Thursday, June 15, 2017

Forecast: Internet To Pass TV Ad Sales This Year

For the first time since 2009, the global TV business will see a fall-off in ad sales revenue, according to Magna, the research and investment unit of Interpublic Group.

According to The NY Post, the strategy firm’s spring update to its annual forecast says ad sales at the main TV broadcast networks will fall 6 percent, to $13.7 billion, in 2017, excluding Spanish-language outlets, as demand tanks for spots selling everything from beer to department store duds.

In cable, the number will drop 1 percent, to $25.8 billion, according to Magna.

The projected drop-off is partly driven by a lack of political and Olympic ad dollars as opposed to last year’s bonanza, according to the report. But it’s also a result of ratings declines coupled with softer price increases, the firm noted.

This spring’s upfront negotiations, whereby TV advertisers commit their ad dollars in advance of their ad placements, have been slow. Sources tell The Post that advertisers are prepared to pay a premium to hold on to their money and place it when they need to in the so-called scatter market.

NBCUniversal, Fox and ABC have begun talks with advertisers, according to a report from Variety that suggests advertisers are trying to hold the line on the typical percentage price increases.

In the US, the food and beverage category has dried up in a big way, with beer spending off 30 percent in the first quarter of this year. Retail dropped 3 percent, driven by a 21 percent plunge in ad dollars from department stores over the same period last year, according to Magna statistics. Retail outlets have been shutting stores as shoppers turn to online services for their needs.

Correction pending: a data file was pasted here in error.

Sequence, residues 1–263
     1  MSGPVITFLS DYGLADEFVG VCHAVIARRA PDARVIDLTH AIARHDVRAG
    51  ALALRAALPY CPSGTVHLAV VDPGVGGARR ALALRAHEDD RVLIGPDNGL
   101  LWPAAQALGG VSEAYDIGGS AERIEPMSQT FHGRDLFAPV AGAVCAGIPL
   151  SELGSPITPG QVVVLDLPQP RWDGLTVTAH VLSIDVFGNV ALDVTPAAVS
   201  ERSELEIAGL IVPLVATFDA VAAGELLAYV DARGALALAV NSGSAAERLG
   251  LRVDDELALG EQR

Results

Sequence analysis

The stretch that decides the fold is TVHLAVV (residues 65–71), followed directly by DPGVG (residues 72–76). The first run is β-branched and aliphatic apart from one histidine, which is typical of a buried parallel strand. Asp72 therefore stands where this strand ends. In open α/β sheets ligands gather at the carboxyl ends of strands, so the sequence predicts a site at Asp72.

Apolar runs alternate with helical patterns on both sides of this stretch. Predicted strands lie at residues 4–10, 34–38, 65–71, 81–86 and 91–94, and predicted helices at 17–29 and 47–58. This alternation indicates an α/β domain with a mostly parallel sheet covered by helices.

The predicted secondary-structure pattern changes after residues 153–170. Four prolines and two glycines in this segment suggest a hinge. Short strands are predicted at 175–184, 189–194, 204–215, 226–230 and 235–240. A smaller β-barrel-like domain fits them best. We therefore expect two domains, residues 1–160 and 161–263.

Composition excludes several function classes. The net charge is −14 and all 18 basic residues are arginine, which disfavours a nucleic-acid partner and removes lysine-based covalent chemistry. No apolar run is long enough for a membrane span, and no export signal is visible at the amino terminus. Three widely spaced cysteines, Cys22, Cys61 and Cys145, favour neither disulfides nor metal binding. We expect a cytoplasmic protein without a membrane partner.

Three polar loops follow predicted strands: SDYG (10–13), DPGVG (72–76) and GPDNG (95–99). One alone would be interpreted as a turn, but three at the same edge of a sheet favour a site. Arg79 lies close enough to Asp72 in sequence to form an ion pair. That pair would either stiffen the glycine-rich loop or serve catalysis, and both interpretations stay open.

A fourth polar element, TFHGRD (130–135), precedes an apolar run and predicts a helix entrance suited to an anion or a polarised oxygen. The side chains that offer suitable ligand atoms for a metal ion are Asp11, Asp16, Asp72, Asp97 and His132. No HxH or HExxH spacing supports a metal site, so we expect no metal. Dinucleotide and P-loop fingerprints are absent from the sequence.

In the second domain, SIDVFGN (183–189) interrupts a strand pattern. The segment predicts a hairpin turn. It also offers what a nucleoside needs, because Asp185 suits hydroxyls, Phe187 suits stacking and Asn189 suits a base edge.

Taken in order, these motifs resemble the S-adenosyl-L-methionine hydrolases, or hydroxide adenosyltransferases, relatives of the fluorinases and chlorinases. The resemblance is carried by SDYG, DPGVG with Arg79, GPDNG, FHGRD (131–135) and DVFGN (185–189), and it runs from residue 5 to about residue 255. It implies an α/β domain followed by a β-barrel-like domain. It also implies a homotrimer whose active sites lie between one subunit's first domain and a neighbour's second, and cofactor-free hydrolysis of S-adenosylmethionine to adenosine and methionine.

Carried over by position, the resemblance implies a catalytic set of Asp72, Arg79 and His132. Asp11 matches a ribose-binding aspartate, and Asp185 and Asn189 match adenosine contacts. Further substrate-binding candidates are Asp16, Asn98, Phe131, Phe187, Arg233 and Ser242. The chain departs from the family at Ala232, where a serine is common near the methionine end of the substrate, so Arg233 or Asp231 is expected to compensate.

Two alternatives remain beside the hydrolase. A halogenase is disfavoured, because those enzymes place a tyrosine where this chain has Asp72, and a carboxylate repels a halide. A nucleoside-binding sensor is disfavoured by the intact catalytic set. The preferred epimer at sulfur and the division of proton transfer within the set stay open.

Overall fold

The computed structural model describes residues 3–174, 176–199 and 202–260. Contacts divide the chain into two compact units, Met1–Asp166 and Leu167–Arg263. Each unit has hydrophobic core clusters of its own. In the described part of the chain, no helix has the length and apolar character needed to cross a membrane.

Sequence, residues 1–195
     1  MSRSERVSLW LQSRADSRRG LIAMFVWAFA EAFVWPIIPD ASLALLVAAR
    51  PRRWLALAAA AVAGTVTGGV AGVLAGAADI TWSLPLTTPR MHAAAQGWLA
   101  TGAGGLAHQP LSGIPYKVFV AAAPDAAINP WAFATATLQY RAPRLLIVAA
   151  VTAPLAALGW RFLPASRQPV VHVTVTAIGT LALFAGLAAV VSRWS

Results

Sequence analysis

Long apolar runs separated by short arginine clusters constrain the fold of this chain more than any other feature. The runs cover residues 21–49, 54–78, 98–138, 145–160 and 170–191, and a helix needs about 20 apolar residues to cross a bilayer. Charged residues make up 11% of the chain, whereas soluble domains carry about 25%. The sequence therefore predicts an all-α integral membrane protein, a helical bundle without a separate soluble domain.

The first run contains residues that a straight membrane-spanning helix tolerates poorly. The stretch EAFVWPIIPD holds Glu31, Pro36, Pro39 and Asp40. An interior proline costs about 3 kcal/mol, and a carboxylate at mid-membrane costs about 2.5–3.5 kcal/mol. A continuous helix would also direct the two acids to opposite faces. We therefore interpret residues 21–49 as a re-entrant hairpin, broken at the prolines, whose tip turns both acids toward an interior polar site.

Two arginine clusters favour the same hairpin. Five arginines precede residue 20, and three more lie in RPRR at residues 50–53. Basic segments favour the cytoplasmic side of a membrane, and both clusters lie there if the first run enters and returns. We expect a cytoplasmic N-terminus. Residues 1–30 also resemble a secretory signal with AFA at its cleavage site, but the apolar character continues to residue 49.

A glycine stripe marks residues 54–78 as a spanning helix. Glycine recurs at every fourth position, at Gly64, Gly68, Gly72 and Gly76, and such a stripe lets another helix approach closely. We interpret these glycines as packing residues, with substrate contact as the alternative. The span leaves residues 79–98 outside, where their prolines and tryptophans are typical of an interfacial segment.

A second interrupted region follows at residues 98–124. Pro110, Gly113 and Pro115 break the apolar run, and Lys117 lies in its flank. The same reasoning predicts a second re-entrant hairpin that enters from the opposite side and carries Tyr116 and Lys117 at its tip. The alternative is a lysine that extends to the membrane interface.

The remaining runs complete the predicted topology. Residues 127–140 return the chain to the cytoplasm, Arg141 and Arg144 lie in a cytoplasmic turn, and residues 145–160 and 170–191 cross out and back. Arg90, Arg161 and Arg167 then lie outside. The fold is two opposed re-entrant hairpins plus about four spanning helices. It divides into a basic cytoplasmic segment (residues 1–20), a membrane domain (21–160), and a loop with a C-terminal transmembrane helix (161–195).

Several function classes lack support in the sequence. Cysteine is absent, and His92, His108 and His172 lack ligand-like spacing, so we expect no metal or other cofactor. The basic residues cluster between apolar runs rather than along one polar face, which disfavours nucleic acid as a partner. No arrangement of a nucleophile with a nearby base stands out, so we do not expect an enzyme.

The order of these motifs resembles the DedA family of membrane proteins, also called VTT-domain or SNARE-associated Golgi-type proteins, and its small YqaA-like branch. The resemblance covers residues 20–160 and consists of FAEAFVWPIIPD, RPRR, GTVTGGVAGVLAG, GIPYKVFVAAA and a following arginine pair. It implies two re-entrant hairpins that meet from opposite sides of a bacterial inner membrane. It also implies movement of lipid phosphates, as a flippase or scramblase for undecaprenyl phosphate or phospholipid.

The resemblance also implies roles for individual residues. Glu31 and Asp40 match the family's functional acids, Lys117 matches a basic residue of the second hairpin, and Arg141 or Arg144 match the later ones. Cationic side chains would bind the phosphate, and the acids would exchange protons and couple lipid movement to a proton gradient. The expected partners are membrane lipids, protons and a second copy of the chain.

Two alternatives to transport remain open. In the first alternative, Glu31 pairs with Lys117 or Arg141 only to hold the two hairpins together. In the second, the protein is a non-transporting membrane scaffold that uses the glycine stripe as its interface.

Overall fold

Auto ad sales were off 12 percent in the same period, making life difficult for local media companies.

Among the other full-year ad forecasts from the report:
  • Broadcast radio will decline 4.4 percent, to $13.4 billion, an acceleration of the 3 percent decline in 2016. Magna’s forecast does not include spending on radio companies’ digital extensions, which is a growing area and a bright spot for radio broadcasters seeking to generate new revenue streams. Magna notes that advertisers are investing money in streaming audio and other audio digital formats.Radio’s digital billings for U.S. broadcasters are expected to rise 17 times faster than over-the-air revenues, according to a separate forecast by BIA/Kelsey, which said radio digital would grow 8.4% this year, while over-the-air ticks up just 0.5%.
  • Out-of-home advertising, including cinema, is expected to grow 2 percent, to $7.9 billion.
  • Print ad sales will fall 13 percent, to $18.1 billion, a third of what the sector captured 10 years ago.
  • Digital media ad sales will jump 14 percent, to $83 billion, and will account for 45 percent of media spending. Within that category, mobile advertising is growing 34 percent, to $48 billion.

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